Stricter hack checks coming for Pokemon, what it might mean for those who don’t hack pokemon

A news story just posted on Serebii.net indicates that the Pokemon Global Link is going to implement stricter checks to determine whether pokemon used by players have been hacked. According to the story, if you are caught with a modified save file or modified pokemon, you could be banned from Rating Battles and Battle Competitions.

If I could make a suggestion, I would like for the Global Trade Station (GTS) to be included in these stricter hack checks. For players that don’t use hacks, hacked pokemon are often acquired from the GTS, often accidentally on the part of the non-hacking players from players that hack them. In fact, that can bring up another problem.

It is possible for players to use hacked pokemon while unaware that they’re using them. Again, non-hacking players may be unaware that a pokemon that they’ve received from the GTS may be hacked. Ordinary players may not know what makes a hacked pokemon, or perhaps the hacked pokemon has been hacked in such a way that even experienced players wouldn’t be able to tell it was hacked with close inspection, but whatever filter used by the Global Link could detect it. It would be pretty sad if someone who doesn’t hack pokemon were somehow penalized because they unwittingly used a pokemon that’s been hacked.

While applying stricter checks may keep hackers out of Rating Battles and Online Competitions, it would be nice if they’d also apply to the GTS to keep hacked pokemon away from players that just aren’t interested in them. While using the GTS, I’ve gotten some pokemon that have obviously been hacked. Among these are a Celebi and an Arceus that resemble legit event pokemon, except they’re missing ribbons that they’re supposed to have (unless there’s some way to remove ribbons from pokemon that I’m not aware of). While it’s nice to have rare pokemon, when they’re not the real deal, it’s not as satisfactory to have them. I’ve also gotten a shiny Latios and a shiny Latias from GTS, with competitively viable natures and perfect IVs. Some might say that’s a strong sign they were hacked, but it’s hard to confirm it for sure.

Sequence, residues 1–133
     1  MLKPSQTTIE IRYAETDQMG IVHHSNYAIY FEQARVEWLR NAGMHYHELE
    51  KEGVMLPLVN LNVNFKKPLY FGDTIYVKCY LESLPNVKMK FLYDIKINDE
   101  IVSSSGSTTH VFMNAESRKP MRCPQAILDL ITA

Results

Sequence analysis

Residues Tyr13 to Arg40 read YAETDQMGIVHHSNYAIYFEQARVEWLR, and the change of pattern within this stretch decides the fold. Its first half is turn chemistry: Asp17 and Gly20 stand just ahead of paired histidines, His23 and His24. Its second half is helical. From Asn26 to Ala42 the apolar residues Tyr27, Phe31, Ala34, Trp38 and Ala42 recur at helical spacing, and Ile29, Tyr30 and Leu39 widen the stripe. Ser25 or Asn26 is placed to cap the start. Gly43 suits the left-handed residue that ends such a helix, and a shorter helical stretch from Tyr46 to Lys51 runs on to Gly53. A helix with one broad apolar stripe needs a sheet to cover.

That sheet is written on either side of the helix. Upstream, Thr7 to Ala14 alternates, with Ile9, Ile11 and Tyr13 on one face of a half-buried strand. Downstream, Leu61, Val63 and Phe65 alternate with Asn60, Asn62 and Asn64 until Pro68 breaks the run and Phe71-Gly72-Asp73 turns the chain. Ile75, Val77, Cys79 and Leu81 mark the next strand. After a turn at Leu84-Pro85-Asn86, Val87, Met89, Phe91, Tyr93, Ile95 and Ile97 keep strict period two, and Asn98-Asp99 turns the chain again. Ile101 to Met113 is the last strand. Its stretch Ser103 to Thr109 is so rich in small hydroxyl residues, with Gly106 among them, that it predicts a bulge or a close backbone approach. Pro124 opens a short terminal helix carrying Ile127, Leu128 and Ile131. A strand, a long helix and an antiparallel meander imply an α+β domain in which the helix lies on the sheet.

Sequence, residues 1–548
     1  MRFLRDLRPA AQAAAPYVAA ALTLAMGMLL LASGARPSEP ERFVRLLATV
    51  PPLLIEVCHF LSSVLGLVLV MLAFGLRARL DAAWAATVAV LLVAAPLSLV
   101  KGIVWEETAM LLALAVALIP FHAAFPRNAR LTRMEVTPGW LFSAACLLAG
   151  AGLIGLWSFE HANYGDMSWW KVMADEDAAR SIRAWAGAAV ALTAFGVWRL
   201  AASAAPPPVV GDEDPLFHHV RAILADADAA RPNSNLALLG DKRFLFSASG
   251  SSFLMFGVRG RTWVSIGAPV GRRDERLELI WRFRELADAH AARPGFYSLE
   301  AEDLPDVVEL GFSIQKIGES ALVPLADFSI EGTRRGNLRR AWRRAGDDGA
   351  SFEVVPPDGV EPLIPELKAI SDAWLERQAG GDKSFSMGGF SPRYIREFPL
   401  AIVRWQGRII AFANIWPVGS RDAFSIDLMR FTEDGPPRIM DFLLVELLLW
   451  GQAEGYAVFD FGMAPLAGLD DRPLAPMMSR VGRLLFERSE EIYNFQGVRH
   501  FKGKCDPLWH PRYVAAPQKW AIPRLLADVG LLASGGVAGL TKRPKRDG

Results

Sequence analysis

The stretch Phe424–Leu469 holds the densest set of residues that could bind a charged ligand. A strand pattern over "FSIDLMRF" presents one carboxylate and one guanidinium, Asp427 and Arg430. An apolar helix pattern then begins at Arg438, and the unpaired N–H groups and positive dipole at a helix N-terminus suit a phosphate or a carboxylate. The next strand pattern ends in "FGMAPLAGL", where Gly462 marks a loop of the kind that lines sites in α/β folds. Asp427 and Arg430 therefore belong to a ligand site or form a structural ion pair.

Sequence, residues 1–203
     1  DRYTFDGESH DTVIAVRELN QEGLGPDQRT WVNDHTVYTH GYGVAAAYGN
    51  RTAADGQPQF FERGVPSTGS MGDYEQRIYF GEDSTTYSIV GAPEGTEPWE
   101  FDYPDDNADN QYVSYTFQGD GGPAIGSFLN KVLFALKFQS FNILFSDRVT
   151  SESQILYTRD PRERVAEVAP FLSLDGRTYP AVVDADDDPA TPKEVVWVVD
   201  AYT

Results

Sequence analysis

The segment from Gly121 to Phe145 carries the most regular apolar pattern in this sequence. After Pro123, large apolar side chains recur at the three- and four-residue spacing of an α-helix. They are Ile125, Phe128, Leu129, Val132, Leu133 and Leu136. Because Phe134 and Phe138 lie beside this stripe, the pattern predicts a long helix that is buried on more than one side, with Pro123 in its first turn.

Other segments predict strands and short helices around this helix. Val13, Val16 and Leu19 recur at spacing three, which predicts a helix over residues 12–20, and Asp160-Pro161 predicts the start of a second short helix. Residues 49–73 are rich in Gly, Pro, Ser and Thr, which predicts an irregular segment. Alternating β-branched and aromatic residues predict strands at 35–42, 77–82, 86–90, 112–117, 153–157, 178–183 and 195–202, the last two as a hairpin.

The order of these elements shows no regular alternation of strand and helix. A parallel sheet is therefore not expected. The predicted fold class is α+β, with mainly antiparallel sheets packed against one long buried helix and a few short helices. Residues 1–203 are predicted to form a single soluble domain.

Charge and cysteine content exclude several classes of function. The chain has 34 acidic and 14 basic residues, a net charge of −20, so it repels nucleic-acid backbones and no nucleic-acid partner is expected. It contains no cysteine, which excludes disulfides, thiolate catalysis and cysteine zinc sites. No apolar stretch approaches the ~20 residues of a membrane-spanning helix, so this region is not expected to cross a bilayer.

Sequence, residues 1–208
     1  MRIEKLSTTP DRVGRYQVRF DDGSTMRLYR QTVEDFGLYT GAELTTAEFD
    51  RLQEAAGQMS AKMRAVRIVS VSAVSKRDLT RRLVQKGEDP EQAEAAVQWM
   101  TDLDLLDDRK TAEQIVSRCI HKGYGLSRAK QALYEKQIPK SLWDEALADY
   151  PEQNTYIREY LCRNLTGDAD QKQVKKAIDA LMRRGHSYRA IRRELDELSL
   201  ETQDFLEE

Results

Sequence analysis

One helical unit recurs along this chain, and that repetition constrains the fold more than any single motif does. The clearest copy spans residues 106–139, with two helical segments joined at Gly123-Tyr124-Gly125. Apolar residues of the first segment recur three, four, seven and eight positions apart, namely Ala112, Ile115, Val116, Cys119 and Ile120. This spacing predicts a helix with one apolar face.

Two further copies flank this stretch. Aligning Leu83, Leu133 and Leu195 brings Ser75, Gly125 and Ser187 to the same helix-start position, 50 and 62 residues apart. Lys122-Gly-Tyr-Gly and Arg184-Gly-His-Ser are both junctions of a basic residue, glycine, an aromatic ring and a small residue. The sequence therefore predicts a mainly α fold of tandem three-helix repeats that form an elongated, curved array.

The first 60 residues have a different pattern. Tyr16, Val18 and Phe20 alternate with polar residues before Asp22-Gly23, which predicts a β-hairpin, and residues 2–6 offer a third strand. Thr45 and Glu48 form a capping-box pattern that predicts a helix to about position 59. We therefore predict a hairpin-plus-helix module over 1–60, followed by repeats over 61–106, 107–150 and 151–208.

This might open old wounds to bring up, but official pokemon hack checkers haven’t been flawless. For example, was Nintendo not aware that it was possible for players to obtain a shiny Jirachi from the Pokemon Colosseum Bonus Disk? Yet, shiny Jirachi was banned from being transferred from gen 5 games to gen 6 games through Poke Transfer.

Considering this, one could see how ordinary players that don’t hack may be concerned. They could be penalized through no fault of their own. Looking at how the GTS has historically been managed is another cause for concern: it seems as though the GTS is set up in such a way that it can run somewhat stably without much need for moderation, if any. In this condition, the otherwise automated system is influenced by the users themselves, who may, at their discretion, respect the desires of those who put pokemon up for trade or devise means to circumvent restrictions.

Long story short, I like that stricter hack checks are being implemented, but I’d like to see such a thing apply to the GTS. What’s more, I’d like to see some care implemented in how punishments for violations are enforced. I don’t want to see players blocked who simply weren’t aware that the pokemon they brought with them were hacked. I’d also like to see the filters consistent with what’s actually been made available. If those who make the Pokemon games could use a little help, it might not be a bad idea to refer to Serebii’s event database. It’s pretty comprehensive.

And while I’m making suggestions, I wouldn’t mind seeing the restrictions against trading pokemon with certain ribbons lifted. The ribbons in question might be part of what make the pokemon special, but they shouldn’t prevent a player from doing what they’d otherwise do with pokemon, and it would make it much easier for players to obtain certain pokemon who haven’t been to certain events.

How these stricter checks will affect hackers, and for that matter, those who don’t hack, remains to be seen. Perhaps they will change the game for the better, but if mistakes are made, they might just upset the fans more than before they’d be implemented.

1 thought on “Stricter hack checks coming for Pokemon, what it might mean for those who don’t hack pokemon

  1. Pingback: My opinion of cheating in Pokemon | Magnetricity

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